Fall is really evident around here this week; the leaves are showing their full range of gorgeous color and floating gracefully to the ground, and the temperature- while still decent- is cooler than I’d prefer.  When the weather changes like this, I think soup.  Since we’ve already had a few batches of cheeseburger soup and chili, I changed it up tonight with a big pot of broccoli and cheese soup.  I had made broccoli cheese soup only once before, about six years ago when we first moved in here.  Since Ryan was still anti-vegetables at that time, I basically made it for myself.  And it was awful.  I had no desire to try to make it again; I have a mom and two aunts who make awesome broccoli soup.  (Kidding.  Sort of).  This week, I mentioned broccoli soup, and Ryan sort of latched onto the idea as something he might be interested in trying.  While we were in the grocery store on Monday, he picked up a head of broccoli and asked me if that’s what I needed to make the soup.  We were going to try it again.

This afternoon I dug out the recipe my mom had given me all those years ago and took my time assembling the ingredients.  The process was much easier than I had remembered, and now I’m not sure what I did the last time but my confidence is restored.  Here’s how I did it:

Broccoli and Cheese Soup
4 Tbsp butter
1 onion
2-3 garlic cloves
3 cups chicken broth
1 potato, peeled and cubed
3 cups broccoli florets
2 cups shredded cheddar cheese
1/2 cup milk plus 1- 1/2 Tbsp flour, whisked together
 
Melt butter in a Dutch oven over medium heat.  Add onion and garlic; saute until translucent and soft.  Add chicken broth and potato; cook till potato is tender.  Meanwhile, microwave broccoli for 3-4 minutes until tender; chop into very fine pieces and add to soup.  Add milk and cheese; stir to combine.  
 

Yes.  It really is THAT simple.  Please don’t ask how I messed it up before.

Apparently, that success fueled my ambition and the pears on the counter grabbed my attention.  Several years ago for Christmas, Ryan’s parents gave me a Tuscan cookbook.  In the cookbook was a recipe for pears with a Marsala wine sauce.  Peanut picked some pears from the orchard for me over the weekend, so I decided to try it.  First, I peeled two pears, but left the stems (as sort of decoration).  I sliced the bottoms off, and used a fillet knife to remove the cores.  Then I placed them in a saucepan with 1/8 cup sugar and two cinnamon sticks, and let them cook over low heat until the mixture boiled.  Once the water reached a low boil, I covered them and let them continue cooking (still over low heat) for about a half hour, until they were tender.  Finally, I removed the pears from the cinnamon-flavored sugar water and let it cook awhile longer, until the sauce was thickened.  Once it was the consistency of a syrup, I stirred in 1/4 cup of Marsala wine.  Y.U.M!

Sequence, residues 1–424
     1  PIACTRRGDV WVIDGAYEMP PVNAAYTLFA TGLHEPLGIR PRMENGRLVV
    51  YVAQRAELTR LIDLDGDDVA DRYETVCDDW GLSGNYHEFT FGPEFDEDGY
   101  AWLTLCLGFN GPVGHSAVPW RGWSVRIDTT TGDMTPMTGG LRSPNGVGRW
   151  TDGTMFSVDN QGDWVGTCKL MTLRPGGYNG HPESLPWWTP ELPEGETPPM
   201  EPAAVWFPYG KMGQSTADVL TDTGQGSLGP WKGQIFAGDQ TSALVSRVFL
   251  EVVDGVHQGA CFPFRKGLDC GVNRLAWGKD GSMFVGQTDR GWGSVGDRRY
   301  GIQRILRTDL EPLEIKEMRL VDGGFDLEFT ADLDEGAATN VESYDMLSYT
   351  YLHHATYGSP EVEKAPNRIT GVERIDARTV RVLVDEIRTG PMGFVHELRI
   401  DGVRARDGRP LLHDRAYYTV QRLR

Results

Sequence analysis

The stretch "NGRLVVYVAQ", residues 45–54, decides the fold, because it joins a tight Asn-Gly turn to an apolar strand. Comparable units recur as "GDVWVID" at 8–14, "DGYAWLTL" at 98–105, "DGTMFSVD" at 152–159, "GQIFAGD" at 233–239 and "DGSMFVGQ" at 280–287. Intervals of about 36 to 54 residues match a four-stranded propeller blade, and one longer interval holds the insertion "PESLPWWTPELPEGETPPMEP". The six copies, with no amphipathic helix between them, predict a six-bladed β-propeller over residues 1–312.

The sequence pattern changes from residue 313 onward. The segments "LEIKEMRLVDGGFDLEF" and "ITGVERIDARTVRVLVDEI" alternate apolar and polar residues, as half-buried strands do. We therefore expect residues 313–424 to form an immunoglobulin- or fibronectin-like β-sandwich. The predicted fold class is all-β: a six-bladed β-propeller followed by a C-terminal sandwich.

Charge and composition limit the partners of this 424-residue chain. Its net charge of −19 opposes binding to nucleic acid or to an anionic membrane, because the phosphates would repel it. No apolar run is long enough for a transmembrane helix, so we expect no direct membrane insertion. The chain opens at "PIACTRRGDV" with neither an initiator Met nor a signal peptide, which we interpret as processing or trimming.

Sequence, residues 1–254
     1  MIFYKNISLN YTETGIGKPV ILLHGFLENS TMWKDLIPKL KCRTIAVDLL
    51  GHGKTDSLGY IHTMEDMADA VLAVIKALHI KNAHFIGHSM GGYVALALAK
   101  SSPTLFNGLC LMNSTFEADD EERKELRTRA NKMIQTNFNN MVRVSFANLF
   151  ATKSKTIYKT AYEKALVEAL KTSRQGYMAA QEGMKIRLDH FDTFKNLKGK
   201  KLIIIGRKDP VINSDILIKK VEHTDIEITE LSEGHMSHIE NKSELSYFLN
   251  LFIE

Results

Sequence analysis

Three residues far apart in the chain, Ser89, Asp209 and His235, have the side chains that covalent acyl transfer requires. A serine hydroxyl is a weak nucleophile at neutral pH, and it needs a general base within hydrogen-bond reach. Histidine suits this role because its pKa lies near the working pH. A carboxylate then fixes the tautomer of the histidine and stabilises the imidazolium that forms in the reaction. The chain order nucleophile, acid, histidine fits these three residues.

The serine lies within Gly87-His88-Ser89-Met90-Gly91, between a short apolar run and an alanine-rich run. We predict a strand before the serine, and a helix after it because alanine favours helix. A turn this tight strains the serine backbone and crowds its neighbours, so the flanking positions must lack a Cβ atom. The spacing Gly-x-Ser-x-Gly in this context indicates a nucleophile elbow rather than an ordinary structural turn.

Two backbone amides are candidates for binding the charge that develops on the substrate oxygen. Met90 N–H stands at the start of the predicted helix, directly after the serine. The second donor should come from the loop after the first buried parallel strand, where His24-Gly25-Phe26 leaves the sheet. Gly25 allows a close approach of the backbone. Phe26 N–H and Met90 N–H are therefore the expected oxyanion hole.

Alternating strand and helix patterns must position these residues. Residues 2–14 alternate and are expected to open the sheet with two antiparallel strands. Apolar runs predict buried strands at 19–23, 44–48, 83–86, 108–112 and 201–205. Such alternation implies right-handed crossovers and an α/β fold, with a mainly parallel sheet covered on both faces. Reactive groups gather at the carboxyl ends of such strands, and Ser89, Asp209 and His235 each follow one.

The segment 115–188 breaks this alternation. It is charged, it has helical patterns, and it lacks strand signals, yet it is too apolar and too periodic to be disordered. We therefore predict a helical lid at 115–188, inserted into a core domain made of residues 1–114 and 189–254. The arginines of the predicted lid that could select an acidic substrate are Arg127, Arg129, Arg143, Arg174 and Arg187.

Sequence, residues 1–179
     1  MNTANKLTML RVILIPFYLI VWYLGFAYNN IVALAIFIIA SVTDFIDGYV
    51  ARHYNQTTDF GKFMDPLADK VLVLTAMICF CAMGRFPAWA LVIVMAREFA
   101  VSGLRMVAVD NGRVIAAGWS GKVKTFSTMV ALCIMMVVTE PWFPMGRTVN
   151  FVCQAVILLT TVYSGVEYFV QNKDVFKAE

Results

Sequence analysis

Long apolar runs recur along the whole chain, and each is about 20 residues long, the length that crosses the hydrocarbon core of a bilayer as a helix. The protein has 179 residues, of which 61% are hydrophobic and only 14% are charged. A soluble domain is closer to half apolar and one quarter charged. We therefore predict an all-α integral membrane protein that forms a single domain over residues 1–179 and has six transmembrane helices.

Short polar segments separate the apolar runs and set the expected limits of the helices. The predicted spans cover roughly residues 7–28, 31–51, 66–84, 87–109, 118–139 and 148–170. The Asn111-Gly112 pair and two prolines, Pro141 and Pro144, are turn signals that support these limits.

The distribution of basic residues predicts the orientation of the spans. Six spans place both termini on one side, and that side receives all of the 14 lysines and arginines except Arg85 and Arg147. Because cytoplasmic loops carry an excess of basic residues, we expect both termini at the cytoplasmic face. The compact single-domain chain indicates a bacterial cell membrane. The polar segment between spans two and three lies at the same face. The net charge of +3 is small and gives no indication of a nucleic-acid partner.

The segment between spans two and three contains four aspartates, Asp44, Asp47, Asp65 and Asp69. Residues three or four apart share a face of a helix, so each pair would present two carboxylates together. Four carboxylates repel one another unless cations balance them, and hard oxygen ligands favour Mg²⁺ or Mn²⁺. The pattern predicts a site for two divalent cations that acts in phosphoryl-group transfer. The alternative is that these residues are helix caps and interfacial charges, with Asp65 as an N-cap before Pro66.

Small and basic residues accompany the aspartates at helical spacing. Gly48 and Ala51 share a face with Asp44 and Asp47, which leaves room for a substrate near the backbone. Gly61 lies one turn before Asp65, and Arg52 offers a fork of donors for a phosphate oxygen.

I was on a roll; while I’m not a “band-wagon” type of person, I’m in love with the fact that caramel seems to be THE flavor this fall.  (Truth be told, caramel is one of my all-time favorites.  Our wedding cake three years ago had a caramel filling, and my new favorite cheesecake recipe from last fall was swirled caramel and peanut butter.  NOT on the bandwagon, people.  Not that there’s anything wrong with that.)  A few weeks ago, Ryan and I tried a new restaurant in town for lunch, and we ordered dessert afterward: a warm fudge-y brownie with a salted  caramel sauce.  Let me just tell you: To.Die.For.  We left with me vowing to replicate the recipe, somehow, some way.  Tonight I just may have accomplished this goal.  With a pan of hot, homemade brownies on the counter, I followed this recipe to almost perfectly replicate the sauce we had at the restaurant.  Fortunately, it made a whole jarful which is now blissfully chilling in my fridge.

I may or may not have to invent a breakfast recipe to utilize it.

 

 

 

Happy Fall!

xoxo,

~d

Ambition. Some Days it Finds Me.

I was in the kitchen at 9AM this morning.  By 10:30, I had two dinners ready to go for the rest of the week.  Not because I was hungry- I can’t stand to eat much of anything before 1PM- but because it’s cold outside.  Cold, of course, means soup weather.  And comfort food in the crock pot.  Ambitious as I am, I decided to embark on both.  Soup is a staple in this house from September through May, and our most popular choice is Cheeseburger Soup, as I’ve mentioned here before.  However, I’ve never shared the recipe.  Until today.  Just a little something to keep you warm, friends.  You’re welcome.

Cheeseburger Soup
1/2 pound ground beef
3/4 cup onion, chopped
3/4 cup carrot, shredded
3/4 cup celery, diced
1 tsp dried basil
1 tsp dried parsley
4 Tbsp butter or margarine, div.
3 cups chicken broth
4 cups peeled & diced potatoes
1/4 cup all-purpose flour
2 cups processed American cheese, cubed
1 -1/2 cups milk
3/4 tsp salt
1/3 tsp pepper
1/4 cup sour cream
 
In a 3-quart saucepan, brown beef; set aside.  In the same saucepan, saute onion, carrots, celery, basil, and parsley in 1 Tbsp butter until vegetables are tender (about 10 minutes).  Add broth, potatoes, and beef; bring to a boil.
 
Reduce heat, cover, and simmer for 10-12 minutes or until potatoes are tender.  Meanwhile, melt remaining butter in a small skillet.  Add flour; cook and stir 3-5 minutes or until bubbly.  Add to soup; bring to a boil.  Cook and stir for 2 minutes.  Add cheese, milk, salt, and pepper.  Cook and stir until cheese melts.  Remove from heat and blend in sour cream.  
 

Meanwhile, in the crock pot, I decided to assemble this next recipe for the coming weekend.  Because it requires a couple of different steps and I have a date with my sister-in-law on Saturday that will have me out of the house most of the day, I decided to start today.  Tomorrow I’ll cook the beef, and by Saturday I’ll be able to set it on “Keep Warm” so Ryan and I can eat as we both come and go with no fuss.  We’ve never had this before, but I need a little Mexican in my life now and again.  A little Mexican food, that is… ahem.